New Human-Like Species Homo Naledi Discovered

Fifteen partial skeletons of a new human-like species have been discovered in South Africa in what has been described as a "bridge" between humans and their primate ancestors.

Scientists made the discovery in what they called a burial chamber, locked away in the Rising Star cave system in an area of South Africa known as the "Cradle of Humankind," the BBC reported.

The discovery yielded fifteen skeletons, including both male and female subjects of a range of ages, from children to elderly people. In their study, published in the journal eLife on Thursday, the research team said it was the biggest single discovery of its type in Africa.

The new species has been named homo naledi. Modern humans belong to the homo genus, which is believed to be up to 2.5 million years old. Professor Lee Berger, a paleoanthropologist at the University of Witwatersrand in Johannesburg and leader of the study, believes homo naledi could be the first species of the genus and could have lived in Africa up to three million years ago, possibly revealing details about the evolution of humans from primitive, bipedal primates to the ancestors of the modern species.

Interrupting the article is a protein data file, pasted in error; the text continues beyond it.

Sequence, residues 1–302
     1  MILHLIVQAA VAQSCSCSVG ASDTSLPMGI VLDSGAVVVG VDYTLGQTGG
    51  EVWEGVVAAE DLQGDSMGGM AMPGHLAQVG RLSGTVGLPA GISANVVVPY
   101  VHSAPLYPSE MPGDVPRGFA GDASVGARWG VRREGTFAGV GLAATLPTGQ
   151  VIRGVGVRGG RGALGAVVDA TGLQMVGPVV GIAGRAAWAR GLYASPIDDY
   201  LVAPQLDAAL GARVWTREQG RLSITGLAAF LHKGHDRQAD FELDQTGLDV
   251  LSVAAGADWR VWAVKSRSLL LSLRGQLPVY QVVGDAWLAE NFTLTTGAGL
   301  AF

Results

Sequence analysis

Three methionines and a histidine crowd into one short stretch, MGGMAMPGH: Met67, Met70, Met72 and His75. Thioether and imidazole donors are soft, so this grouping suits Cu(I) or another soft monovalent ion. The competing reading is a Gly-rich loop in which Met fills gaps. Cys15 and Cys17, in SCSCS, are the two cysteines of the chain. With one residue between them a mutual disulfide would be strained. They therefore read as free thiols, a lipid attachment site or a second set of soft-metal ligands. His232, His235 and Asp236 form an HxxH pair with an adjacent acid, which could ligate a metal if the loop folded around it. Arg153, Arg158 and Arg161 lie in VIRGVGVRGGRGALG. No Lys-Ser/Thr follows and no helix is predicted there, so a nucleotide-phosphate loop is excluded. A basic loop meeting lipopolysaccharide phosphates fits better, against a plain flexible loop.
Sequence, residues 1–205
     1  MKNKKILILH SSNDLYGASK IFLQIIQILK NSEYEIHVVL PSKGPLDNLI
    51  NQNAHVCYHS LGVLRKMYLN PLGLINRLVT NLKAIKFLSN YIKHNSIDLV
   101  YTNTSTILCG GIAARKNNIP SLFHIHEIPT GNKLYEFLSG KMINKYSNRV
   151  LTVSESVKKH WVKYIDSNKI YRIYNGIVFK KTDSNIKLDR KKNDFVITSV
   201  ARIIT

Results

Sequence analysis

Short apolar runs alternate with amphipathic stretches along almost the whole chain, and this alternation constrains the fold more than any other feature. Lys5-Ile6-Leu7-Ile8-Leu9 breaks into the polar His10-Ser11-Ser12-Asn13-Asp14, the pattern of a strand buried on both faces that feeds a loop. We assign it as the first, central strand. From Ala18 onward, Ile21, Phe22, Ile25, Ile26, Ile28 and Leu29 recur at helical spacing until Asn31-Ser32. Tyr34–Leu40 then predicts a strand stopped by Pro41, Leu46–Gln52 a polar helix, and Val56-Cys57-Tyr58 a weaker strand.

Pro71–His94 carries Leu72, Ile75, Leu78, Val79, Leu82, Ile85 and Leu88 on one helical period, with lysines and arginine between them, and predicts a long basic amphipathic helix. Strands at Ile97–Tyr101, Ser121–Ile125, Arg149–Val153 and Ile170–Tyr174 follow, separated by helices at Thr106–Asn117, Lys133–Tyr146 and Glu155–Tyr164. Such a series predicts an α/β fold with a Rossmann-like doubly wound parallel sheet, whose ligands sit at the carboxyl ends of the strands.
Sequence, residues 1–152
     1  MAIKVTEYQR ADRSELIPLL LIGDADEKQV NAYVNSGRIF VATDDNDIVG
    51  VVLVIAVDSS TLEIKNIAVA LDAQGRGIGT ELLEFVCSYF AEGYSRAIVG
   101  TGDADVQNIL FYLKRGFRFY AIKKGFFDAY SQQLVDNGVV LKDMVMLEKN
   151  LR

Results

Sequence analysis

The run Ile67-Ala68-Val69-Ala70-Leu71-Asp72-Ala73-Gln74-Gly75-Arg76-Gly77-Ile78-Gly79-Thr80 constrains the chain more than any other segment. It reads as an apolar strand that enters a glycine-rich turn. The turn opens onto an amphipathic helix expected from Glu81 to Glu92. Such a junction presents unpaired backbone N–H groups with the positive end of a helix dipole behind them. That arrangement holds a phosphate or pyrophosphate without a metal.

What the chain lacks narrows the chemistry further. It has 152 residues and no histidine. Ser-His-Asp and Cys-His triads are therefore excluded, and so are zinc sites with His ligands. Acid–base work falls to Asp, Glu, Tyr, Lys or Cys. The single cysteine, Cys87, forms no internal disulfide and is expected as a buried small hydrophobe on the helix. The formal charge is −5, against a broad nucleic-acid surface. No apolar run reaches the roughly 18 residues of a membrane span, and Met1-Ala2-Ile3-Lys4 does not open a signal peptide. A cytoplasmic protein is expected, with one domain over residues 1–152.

"I saw something I thought I would never see in my career," Berger told the BBC. "It was a moment that 25 years as a paleoanthropologist had not prepared me for."

The well-preserved state of the remains will enable the researchers to learn "everything about this species," Berger added. Homo naledi have hands which are a very similar shape to those of modern humans, while arches in the feet suggest the ancient species walked on two feet.

These human-like features contrast to the species's trunk, shoulder and pelvis, which are typical of the australopithecus genus, an ancient ancestor of hominids which lived between 5.3 million and 11,700 years ago.

The fact that the remains were found in what appears to be a chamber for the dead also suggests that the species were capable of ritual behavior—such as burial rituals—which had previously been associated with humans within the past 200,000 years.